What flow units do you want to use?

  1. Gas measurement: what’s the difference between Standard and Normal? It’s simply the reference conditions. Standard and Normal are different though depending which country you’re in and what industry it’s applied to. However, if you know the reference conditions eg 0°C and 1 bar then everything can be calculated. Mass flow of gas is often expressed as standard litres per minute or normal cubic feet per hour. All that means is that the number is corrected for the pressure and temperature as if it were at standard or normal conditions.
  2. What are the units of viscosity? For most liquids this a clear cut centiStokes or centiPoise (cSt or cP) but odd units do crop up. When measuring sugar solutions the most common terminology is Brix. cSt can be expressed in SI units as mm²/s (strictly the SI unit should be m²/s, as given by some academic customers). The most common error is substitution of sg (specific gravity) for viscosity or saying: it’s like water, when they really mean like washing-up liquid.
  3. How do you measure pressure? Normal units are bar or psi but particular attention should be paid to an a or g after the unit. This indicates whether the pressure is absolute or relative (gauge). In gas measurement this can make an enormous difference to the potential reading, not so important for liquid flow.
  4. Surely temperature is simpler? Practically, yes, degrees Celsius or Fahrenheit can only be complicated when translated to Kelvin or Réaumur; the latter thankfully is almost unheard of. In standard and normal terms (see 1 above) getting the reference temperature wrong can be a contributor to 7% errors.
  5. Hang on, is that mass or volume? Although petrol is sold by the litre it’s energy content is proportional to its mass. Most process reactions are mass based so: assess which is going to give you the figures you need, kg or litres, pounds or gallons. Coriolis meters provide a mass output but density is a by-product of the complex maths calculations so they can produce a decent volume flow rate.
  6. Not got a closed conduit? What? That’s just a fancy way of saying it’s a pipe not an open channels. The units often switch to velocity rather than mass or volume flow. If that’s the case, and there are plenty of flowmeter technologies like ultrasonic and electromagnetic that measure the velocity then infer the flow rate, you have to know the area of the pipe and also, naturally, ensure the pipe is full.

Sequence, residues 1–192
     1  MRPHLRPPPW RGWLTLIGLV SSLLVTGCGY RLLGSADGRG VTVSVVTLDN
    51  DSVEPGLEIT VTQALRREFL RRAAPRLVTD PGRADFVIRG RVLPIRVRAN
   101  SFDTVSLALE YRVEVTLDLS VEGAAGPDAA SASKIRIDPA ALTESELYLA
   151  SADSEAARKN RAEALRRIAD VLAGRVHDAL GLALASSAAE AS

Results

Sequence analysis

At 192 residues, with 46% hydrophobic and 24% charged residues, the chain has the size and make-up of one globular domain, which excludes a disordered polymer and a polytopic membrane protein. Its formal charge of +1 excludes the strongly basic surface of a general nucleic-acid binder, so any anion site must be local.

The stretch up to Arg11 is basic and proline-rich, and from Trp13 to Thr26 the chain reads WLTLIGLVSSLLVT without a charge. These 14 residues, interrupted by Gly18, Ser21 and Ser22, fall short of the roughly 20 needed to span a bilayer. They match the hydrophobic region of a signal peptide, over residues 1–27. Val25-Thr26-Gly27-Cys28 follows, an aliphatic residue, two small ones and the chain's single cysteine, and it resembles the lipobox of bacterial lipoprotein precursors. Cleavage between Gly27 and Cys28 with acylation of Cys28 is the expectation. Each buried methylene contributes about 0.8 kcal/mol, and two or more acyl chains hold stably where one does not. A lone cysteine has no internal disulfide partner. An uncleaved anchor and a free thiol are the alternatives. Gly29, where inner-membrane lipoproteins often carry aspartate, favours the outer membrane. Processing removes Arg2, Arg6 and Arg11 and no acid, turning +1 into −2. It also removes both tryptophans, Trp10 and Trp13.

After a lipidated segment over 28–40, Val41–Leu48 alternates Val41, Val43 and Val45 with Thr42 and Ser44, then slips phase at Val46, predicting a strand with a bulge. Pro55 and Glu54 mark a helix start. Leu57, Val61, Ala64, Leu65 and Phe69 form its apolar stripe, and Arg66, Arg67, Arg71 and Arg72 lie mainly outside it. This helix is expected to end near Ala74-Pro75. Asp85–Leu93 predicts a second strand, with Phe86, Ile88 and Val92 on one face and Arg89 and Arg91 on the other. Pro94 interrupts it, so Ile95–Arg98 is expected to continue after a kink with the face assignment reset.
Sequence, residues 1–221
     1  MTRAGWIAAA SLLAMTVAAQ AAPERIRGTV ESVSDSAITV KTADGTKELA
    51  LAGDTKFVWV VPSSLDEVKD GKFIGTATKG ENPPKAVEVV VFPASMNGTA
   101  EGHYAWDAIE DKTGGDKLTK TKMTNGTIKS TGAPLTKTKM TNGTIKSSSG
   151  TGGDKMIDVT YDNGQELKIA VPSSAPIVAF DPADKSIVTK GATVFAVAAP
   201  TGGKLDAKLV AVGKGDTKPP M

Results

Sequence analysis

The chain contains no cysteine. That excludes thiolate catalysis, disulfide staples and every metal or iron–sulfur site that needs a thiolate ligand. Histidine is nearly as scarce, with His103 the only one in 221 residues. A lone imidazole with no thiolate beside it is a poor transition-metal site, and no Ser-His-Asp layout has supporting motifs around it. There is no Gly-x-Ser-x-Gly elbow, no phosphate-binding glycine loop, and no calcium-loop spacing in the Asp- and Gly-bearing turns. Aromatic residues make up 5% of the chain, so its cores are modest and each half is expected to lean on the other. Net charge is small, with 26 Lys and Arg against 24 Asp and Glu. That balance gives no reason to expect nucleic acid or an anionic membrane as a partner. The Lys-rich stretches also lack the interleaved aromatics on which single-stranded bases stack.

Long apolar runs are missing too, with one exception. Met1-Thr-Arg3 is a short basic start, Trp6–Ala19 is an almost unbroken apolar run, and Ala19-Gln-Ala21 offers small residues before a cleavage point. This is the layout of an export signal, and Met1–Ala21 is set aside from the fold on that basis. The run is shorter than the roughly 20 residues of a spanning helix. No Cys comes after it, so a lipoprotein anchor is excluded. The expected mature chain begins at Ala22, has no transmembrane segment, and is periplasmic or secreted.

7. Imperial or metric or American Don’t get caught out by mixing Imperial Gallons with US Gallons. If it says microns – is that thousandths of an inch (no, really) or micrometres.
  8. Watch out for odd multipliers Americans have been known to use MM to indicate a ‘million’ as in MMBPD, million barrels per day. Not that well known in Europe. Also M meaning 1000 not million.
  9. What are the time units? This is usually seconds, minutes or hours but can be days for some low flow applications. Or hogshead/fortnights.
  10. But it doesn’t look like a flow unit. Just as kW/h doesn’t look like a unit of energy there are some units such as BTu (British Thermal Units) that can be converted to a flow rate (as long as you know where the gas was extracted from – the calorific value changes depending on the source). That will be a mass flow rate as it is energy.
  11. Velocity. In gas measurement it’s quite common to specify the ‘flow rate’ in speed terms then calculate the flow rate by knowledge of the pipe area – circular, square or octagonal. so metres cubed per second is completely different from metres per second. Insertion meters are calibrated, usually, in a random size duct for velocity then back-tracked to flow rate.

Ten top tips for flowmeter selection:

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